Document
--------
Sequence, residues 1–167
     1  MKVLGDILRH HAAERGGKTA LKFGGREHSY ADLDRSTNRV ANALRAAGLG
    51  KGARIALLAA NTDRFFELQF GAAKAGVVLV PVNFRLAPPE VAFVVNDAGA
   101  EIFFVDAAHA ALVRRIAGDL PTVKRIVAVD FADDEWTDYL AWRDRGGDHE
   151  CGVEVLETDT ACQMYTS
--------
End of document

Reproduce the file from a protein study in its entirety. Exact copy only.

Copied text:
Sequence, residues 1–167
     1  MKVLGDILRH HAAERGGKTA LKFGGREHSY ADLDRSTNRV ANALRAAGLG
    51  KGARIALLAA NTDRFFELQF GAAKAGVVLV PVNFRLAPPE VAFVVNDAGA
   101  EIFFVDAAHA ALVRRIAGDL PTVKRIVAVD FADDEWTDYL AWRDRGGDHE
   151  CGVEVLETDT ACQMYTS